I'm cross-posting this between the IOpener Tech and WebSurfer Tech forums because people are using both WSP's and IO's in their cars, and I've seen lots of postings about FM transmitters in both groups, so don't flame me. Also, to keep down on confusion, it would probably be best to restrict replies to just 1 of the postings. How 'bout IOpener Tech Stuff, since that gets more traffic.
Several people have made mention that FM transmitters are a poor way to get sound into your stereo system, and for the most part they're right. If you've got aux or preamp inputs, use 'em! Many of us don't, though, and tape adapters have generally poor sound quality, too. The main problem with the transmitters is that they tend to drift, and you have to retune them constantly, especially if you have a radio with digital tuning. The best way to overcome this is to use a transmitter that also has digital tuning.
For those who don't have an electronics background, PLL (Phase-Locked Loop) tuning is basically controlled by a microprocessor and a digital feedback loop. This is how digital FM recievers work, and to reliably transmit to a PLL-controlled radio you really need a PLL-controlled transmitter. You might be able to get away with a VCO-based (Voltage-Controlled Oscillator) unit if you tune it carefully. A VCO uses an analog feedback loop to maintain a steady frequency with little drift, though it still has to be tuned to that frequency to begin with. With a PLL-based transmitter you just need to set some switches.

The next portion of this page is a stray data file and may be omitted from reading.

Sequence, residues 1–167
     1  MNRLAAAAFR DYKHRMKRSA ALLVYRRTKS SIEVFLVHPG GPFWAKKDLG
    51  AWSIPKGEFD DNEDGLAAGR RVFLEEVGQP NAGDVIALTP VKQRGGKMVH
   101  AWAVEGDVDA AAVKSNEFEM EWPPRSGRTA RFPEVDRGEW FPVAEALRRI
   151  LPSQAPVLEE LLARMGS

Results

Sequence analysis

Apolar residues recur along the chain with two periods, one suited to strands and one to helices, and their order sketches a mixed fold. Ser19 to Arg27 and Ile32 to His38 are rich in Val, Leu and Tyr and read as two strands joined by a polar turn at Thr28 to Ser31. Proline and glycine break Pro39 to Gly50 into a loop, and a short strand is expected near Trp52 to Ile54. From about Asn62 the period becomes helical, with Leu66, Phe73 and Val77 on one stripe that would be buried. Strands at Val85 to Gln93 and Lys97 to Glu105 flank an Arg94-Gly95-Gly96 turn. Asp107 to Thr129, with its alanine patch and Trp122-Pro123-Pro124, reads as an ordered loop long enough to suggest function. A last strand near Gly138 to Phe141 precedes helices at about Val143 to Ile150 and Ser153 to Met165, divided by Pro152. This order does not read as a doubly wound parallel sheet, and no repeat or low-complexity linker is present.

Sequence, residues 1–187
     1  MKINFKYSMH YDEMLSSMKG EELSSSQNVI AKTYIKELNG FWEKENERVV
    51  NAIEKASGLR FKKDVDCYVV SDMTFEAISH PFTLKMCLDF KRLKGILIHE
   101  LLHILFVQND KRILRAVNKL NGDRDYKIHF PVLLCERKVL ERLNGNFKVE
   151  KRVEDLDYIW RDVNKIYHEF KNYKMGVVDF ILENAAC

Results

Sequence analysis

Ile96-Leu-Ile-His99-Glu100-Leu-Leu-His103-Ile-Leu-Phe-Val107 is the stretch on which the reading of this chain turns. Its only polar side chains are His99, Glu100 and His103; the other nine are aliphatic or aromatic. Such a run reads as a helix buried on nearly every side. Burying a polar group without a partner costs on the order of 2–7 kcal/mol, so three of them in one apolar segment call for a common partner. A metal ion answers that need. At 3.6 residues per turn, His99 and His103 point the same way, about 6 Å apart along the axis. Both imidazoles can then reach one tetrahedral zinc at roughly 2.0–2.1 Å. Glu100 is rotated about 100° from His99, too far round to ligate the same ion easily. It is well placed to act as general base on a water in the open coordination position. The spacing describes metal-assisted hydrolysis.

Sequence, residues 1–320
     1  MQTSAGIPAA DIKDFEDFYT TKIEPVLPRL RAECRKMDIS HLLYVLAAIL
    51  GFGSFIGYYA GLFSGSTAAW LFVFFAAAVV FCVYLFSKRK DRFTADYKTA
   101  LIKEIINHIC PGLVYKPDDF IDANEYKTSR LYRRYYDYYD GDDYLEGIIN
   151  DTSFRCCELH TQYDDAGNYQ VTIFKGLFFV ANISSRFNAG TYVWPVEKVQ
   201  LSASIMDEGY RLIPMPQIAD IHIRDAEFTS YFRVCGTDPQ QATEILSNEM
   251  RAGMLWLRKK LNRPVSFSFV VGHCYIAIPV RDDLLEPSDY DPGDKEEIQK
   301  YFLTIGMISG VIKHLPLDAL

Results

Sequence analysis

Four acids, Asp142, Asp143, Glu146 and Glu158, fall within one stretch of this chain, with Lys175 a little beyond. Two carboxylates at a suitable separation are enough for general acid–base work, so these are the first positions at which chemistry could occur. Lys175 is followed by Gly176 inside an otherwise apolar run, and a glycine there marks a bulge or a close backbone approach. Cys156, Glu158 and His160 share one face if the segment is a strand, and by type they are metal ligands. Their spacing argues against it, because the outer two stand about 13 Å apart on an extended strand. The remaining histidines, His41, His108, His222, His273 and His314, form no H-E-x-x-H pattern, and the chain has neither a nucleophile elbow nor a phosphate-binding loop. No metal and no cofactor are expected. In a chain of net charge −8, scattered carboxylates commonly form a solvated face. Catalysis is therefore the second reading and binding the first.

The best deal I've found is a PLL-controlled kit from DC Electronics for around $60. Unfortunately, their website (http://www.dckits.com) seems to be down right now, so I can't confirm the price. Also, according to a cached copy of their main page that I did manage to find, they have a new VCO-based transmitter, which is even supposed to be tailored specifically for PC soundcards and portable music (read: MP3 ;) players, though I'm not sure quite how. I also don't know what the price is.
CPEQ also has a $60 transmitter (http://www.cpeq.com/zxmit.html) which claims to be "low-drift," but they don't explain the basis for the claim. I think this is another VCO kit (if it's PLL it should've said "no drift" ;).
These kits can also be purchased fully assembled for a premium. Or, be a real hacker and buy the schematic (I think DC Electronics at least used to sell a book of schematics for all their kits) and parts and make it from scratch yourself. That's how I used to do it... :)
Good luck! If anyone has any (good) experience with any of these or any other reasonably low-cost transmitters, please add to the thread. I'll probably be either getting the schematic or, to save time, the whole PLL kit from DC and I'll post here with results.